duty under state law, and whether it could be liable as an
aider and abettor based only on a showing of recklessness.
These questions, it is true, have engendered genuine dis-
agreement in the Courts of Appeals.3 But instead of simply
addressing the questions presented by the parties, on which
the law really was unsettled, the Court sua sponte directed

3
Compare, for example, the discussion in the opinion below of scienter
in cases in which defendant has no disclosure duty, 969 F. 2d 891, 902–903
(CA10 1993), with that in Schatz v. Rosenberg, 943 F. 2d 485, 496 (CA4
1991), and Ross v. Bolton, 904 F. 2d 819, 824 (CA2 1990). See also Kueh-
nle, Secondary Liability Under The Federal Securities Laws—Aiding and
Abetting, Conspiracy, Controlling Person, and Agency: Common-Law
Principles and The Statutory Scheme, 14 J. Corp. L. 313, 323–324, and
n. 53 (1988).
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Stevens, J., dissenting

the parties to address a question on which even the peti-


tioner justifiably thought the law was settled, and reaches
out to overturn a most considerable body of precedent.4
Many of the observations in the majority’s opinion would
be persuasive if we were considering whether to recognize a
private right of action based upon a securities statute
enacted recently. Our approach to implied causes of action,
as to other matters of statutory construction, has changed
markedly since the Exchange Act’s passage in 1934. At that
time, and indeed until quite recently, courts regularly as-
sumed, in accord with the traditional common-law presump-
tion, that a statute enacted for the benefit of a particular
class conferred on members of that class the right to sue
violators of that statute.5 Moreover, shortly before the Ex-
change Act was passed, this Court instructed that such
“remedial” legislation should receive “a broader and more
liberal interpretation than that to be drawn from mere dic-
tionary definitions of the words employed by Congress.”
Piedmont & Northern R. Co. v. ICC, 286 U. S. 299, 311
(1932). There is a risk of anachronistic error in applying our
current approach to implied causes of action, ante, at 176–
177, to a statute enacted when courts commonly read stat-

4
“As I have said before, ‘the adversary process functions most effec-
tively when we rely on the initiative of lawyers, rather than the activism
of judges, to fashion the questions for review.’ New Jersey v. T. L. O.,
468 U. S. 1214, 1216 (1984) (dissenting from order directing reargument).”
Patterson v. McLean Credit Union, 485 U. S. 617, 623 (1988) (Stevens, J.,
dissenting from order directing reargument).
5
See Merrill Lynch, Pierce, Fenner & Smith, Inc. v. Curran, 456 U. S.
353, 374–378 (1982); Middlesex County Sewerage Authority v. National
Sea Clammers Assn., 453 U. S. 1, 22–25 (1981) (Stevens, J., concurring in
judgment in part and dissenting in part); California v. Sierra Club, 451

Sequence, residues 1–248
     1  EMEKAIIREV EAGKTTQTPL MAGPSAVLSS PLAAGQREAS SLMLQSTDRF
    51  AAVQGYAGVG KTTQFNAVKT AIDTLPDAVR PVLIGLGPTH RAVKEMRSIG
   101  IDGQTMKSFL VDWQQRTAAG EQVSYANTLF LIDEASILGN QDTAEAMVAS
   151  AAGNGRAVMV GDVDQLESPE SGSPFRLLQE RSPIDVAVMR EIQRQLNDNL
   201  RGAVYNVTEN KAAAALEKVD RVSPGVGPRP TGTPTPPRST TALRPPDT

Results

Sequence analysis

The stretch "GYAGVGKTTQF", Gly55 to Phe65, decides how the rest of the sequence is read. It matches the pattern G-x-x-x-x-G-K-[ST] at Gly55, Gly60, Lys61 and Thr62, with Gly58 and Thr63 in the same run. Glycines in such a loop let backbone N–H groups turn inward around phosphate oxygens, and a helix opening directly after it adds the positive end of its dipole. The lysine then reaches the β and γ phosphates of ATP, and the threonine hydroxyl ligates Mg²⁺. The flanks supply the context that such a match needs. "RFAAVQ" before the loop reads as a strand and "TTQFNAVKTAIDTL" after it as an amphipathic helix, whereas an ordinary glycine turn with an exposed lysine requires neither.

U. S. 287, 298–301 (1981) (Stevens, J., concurring). A discussion of the
common-law presumption is found in Justice Pitney’s opinion for the Court
in Texas & Pacific R. Co. v. Rigsby, 241 U. S. 33, 39–40 (1916). See also,
e. g., Texas & New Orleans R. Co. v. Railway Clerks, 281 U. S. 548, 568–
570 (1930).
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196 CENTRAL BANK OF DENVER, N. A. v. FIRST


INTERSTATE BANK OF DENVER, N. A.
Stevens, J., dissenting

utes of this kind broadly to accord with their remedial pur-


poses and regularly approved rights to sue despite statutory
silence.
Even had § 10(b) not been enacted against a backdrop of
liberal construction of remedial statutes and judicial favor
toward implied rights of action, I would still disagree with
the majority for the simple reason that a “settled construc-
tion of an important federal statute should not be disturbed
unless and until Congress so decides.” Reves v. Ernst &
Young, 494 U. S. 56, 74 (1990) (Stevens, J., concurring).
See Blue Chip Stamps v. Manor Drug Stores, 421 U. S. 723,
733 (1975) (the “longstanding acceptance by the courts” and
“Congress’ failure to reject” rule announced in landmark
Court of Appeals decision favored retention of the rule).6 A
policy of respect for consistent judicial and administrative
interpretations leaves it to elected representatives to assess
settled law and to evaluate the merits and demerits of chang-
ing it.7 Even when there is no affirmative evidence of rati-

6
None of the cases the majority relies upon to support its strict con-
struction of § 10(b), ante, at 173–175, even arguably involved a settled
course of lower court decisions. See Mertens v. Hewitt Associates, 508
U. S. 248 (1993); Pinter v. Dahl, 486 U. S. 622, 635, n. 12 (1988); Chiarella
v. United States, 445 U. S. 222, 229, n. 11 (1980); Sante Fe Industries, Inc.
v. Green, 430 U. S. 462, 475–476, n. 15 (1977); Ernst & Ernst v. Hochfelder,
425 U. S. 185, 191–192, n. 7 (1976).
7
Of course, when a decision of this Court upsets settled law, Congress
may step in to reinstate the old law, cf. Securities Exchange Act § 27A, as